US Manufacturing Still Struggling as Economy "Recovers"
No matter how many times the Conference Board reports dismal consumer confidence, or the Institute for Supply Management reports anemic manufacturing activity or the National Association of Realtors reports abysmal home sales, some economist somewhere will track down a hopeful data point and force-feed it into his “improving economy” scenario.
When, for example, the Census Bureau reported a steep 1.3% drop in durable goods orders last month, the chief US economist at Barclays Capital, Dean Maki, crowed, “This is reassuring news. Capital goods spending still seems to be on a very solid underlying trend.”
Ah yes, capital goods spending – the sub-sector of the durable goods report that is believed to correlate closely with private-sector business activity.
It’s true that capital goods orders rebounded 4.1% in August…after plunging 5.3% in July. Nevertheless, according to Maki’s perspective, investors should ignore July’s drop in capital goods orders (and also ignore the drop in overall durable goods orders in August). It is the August increase in capital goods orders that matters most, says he, and it is this data point that establishes a “very solid underlying trend.”
But as the chart below shows quite clearly, this “solid trend” is looking a bit shaky.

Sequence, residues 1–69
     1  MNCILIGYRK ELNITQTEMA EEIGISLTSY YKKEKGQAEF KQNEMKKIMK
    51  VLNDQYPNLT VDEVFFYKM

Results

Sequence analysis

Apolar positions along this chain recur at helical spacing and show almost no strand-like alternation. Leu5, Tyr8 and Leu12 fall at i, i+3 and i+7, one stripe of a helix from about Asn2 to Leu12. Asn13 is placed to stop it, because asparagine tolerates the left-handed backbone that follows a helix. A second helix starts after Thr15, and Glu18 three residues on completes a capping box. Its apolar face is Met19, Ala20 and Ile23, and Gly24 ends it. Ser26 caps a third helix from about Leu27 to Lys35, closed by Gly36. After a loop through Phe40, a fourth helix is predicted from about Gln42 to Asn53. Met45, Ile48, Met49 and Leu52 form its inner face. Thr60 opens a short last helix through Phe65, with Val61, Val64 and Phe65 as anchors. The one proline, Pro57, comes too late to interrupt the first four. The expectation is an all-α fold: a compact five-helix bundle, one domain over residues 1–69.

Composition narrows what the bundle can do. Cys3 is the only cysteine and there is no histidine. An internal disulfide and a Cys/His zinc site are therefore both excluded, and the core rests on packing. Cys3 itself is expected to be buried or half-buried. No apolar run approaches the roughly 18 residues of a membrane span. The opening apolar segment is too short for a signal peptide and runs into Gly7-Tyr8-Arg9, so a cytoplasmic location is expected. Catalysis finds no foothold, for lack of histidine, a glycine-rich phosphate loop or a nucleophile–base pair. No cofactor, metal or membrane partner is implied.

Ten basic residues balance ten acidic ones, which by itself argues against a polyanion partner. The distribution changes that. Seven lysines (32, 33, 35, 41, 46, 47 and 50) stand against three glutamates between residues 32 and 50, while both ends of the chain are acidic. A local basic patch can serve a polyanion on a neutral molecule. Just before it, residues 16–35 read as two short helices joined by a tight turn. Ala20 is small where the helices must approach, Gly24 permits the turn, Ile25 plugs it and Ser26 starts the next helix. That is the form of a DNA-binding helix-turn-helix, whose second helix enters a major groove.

Capital goods orders may have bounced off the bottom of very depressed levels, but they are stalling well below optimal levels. The same could be said for the overall American economy. It is bouncing off of depressed levels. But this bounce seems to contain a strange and unhealthy mix of losers and winners.
Fifteen months after the official end of the 2008-9 recession, America’s big metal-bending corporations still aren’t bending very much metal. Meanwhile, America’s big regulation-bending corporations like Goldman Sachs have returned from the brink of extinction to convert leveraged trading into record profits…or at least record bonuses.
Despite a financial crisis that nearly doomed Goldman Sachs for all-time, the reviled financial firm recently reported all-time record profits. Goldman’s third quarter result pulled the company’s trailing 12-month profit down from record territory. But that “disappointing” $1.9 billion quarterly profit owed much of its disappointment to the hefty $3.8 billion bonus expense that Goldman set aside during the quarter. For the first nine months of the year, Goldman has booked a net profit of $6 billion, while setting aside $13.1 billion in bonus expense.
Bravo for Goldman shareholders! Double bravo for Goldman insiders!
Elsewhere on Wall Street, a similar story has been unfolding. “Pay on Wall Street is on pace to break a record for a second consecutive year,” The Wall Street Journal reported recently. Even though net profits at the top financial firms remain about 20% below the peak levels of 2006, the Journal relates, compensation has increased more than 20% over the same timeframe. And just like that, you’ve got record compensation. “Financial overhaul has affected the structure [of Wall Street compensation],” says the Journal, “but not the level.”